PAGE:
Better call the whaaaaaambulance: Amid coronavirus, Missouri nurse practitioners want more autonomy

Better call the whaaaaaambulance when you don’t get your way.  I’m ashamed of my former profession for trying to take advantage of this pandemic to advance an agenda. This is selfish, manipulative, and unethical. This article has to do with resulting frustration among some groups that Missouri, by relaxing some restrictions, still requires nurse practitioner-physician collaboration. The main points arguing for more autonomy in the article have been debunked time and time again. For example:

  1. many of the regulations are unnecessary and even harmful. 
  • “A lot of states right now, because of COVID-19, have taken all barriers away.”
  • But in some states — including Missouri — they can only practice with a physician’s oversight. Missouri’s nurse practitioners say this lack of autonomy hurts people’s access to care even in normal times, but especially during emergencies.

Ok. Rhetoric is defined as language designed to have a persuasive or impressive effect on its audience, but often regarded as lacking in sincerity or meaningful content. See what is happening here? The party line is now becoming that collaboration is a barrier; that collaboration is unnecessary and harmful; that collaboration affects autonomy; and that collaboration hurts people’s access to care. None of these arguments are true. These are all strawman arguments for the ultimate goal: power and full practice autonomy (FPA). I’ve written about collaboration in a prior Authentic Medicine blog ( Regulations to keep requirements for physician collaboration in Missouri remain in place according to the article. Nurse practitioners must collaborate with a physician who is within a 75-mile radius. The physician must also review a certain percentage of their patients’ medical charts. State regulations now require:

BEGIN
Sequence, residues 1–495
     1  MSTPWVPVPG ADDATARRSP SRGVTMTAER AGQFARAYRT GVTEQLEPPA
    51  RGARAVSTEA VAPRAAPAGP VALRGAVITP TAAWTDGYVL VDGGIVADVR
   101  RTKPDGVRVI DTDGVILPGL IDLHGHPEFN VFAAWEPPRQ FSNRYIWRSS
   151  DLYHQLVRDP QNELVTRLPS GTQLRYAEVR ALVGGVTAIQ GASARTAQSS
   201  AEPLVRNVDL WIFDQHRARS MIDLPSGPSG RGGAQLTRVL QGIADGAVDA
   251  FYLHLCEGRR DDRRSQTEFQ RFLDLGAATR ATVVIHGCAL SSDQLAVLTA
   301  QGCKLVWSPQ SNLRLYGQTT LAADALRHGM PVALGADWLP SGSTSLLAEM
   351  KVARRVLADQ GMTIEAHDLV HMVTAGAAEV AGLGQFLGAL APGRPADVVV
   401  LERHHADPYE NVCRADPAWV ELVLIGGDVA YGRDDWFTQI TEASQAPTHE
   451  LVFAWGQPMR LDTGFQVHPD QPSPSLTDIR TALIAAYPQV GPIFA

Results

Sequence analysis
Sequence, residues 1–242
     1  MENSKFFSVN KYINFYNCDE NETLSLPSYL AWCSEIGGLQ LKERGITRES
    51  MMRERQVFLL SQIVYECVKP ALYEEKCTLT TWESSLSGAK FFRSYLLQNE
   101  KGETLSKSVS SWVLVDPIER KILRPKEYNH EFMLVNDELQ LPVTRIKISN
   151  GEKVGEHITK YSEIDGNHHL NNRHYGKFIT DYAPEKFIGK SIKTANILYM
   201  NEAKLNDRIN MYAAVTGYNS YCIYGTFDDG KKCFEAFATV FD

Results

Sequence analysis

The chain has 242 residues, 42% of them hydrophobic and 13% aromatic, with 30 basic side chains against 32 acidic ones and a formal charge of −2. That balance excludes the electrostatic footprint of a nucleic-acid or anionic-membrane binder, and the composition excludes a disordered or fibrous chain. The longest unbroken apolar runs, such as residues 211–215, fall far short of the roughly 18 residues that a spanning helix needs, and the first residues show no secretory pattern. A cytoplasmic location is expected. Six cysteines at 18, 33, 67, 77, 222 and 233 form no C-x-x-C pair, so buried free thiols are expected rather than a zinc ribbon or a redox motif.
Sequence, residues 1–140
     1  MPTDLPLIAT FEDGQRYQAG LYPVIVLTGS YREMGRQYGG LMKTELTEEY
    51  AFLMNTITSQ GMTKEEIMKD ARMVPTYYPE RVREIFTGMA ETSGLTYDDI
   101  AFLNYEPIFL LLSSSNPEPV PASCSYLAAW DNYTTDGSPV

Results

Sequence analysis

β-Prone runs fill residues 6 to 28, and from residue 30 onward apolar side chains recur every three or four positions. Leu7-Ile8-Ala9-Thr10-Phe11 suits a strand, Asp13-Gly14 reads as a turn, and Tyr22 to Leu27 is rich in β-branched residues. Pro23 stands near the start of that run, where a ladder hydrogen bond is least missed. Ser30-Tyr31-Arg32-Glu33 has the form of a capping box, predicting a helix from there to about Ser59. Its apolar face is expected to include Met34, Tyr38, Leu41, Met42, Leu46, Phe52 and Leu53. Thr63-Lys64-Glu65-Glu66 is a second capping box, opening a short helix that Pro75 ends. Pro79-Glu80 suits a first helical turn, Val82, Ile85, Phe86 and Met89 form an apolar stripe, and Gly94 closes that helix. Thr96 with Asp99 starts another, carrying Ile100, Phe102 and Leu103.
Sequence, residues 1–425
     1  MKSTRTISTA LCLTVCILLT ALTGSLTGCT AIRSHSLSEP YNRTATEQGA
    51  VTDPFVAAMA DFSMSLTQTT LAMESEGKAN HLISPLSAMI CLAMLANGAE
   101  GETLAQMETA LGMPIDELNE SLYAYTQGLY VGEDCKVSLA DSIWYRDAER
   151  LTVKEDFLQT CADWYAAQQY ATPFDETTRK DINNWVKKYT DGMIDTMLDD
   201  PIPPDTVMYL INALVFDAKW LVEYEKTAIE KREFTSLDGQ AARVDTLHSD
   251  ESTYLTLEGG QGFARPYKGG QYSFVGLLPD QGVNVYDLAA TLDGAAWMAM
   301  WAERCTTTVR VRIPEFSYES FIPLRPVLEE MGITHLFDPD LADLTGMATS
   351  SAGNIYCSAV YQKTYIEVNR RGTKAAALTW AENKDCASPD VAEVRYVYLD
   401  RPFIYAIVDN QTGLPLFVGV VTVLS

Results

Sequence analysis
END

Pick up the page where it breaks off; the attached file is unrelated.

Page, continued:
physicians still need to review a percentage of charts when nurses prescribe controlled substances. The state also waived a rule that requires an APRN and physician to practice together for the first 30 days of their collaboration.

The article reports these moves haven’t been enough for the state’s nurse practitioners. This is nothing more than a power grab. Having practiced in states with both collaboration and no collaboration, there was no difference in what I was or wasn’t able to do. This article is ripped with lies such as:

The regulation “is preventing hundreds if not thousands of health care providers from offering care in accordance with their training,”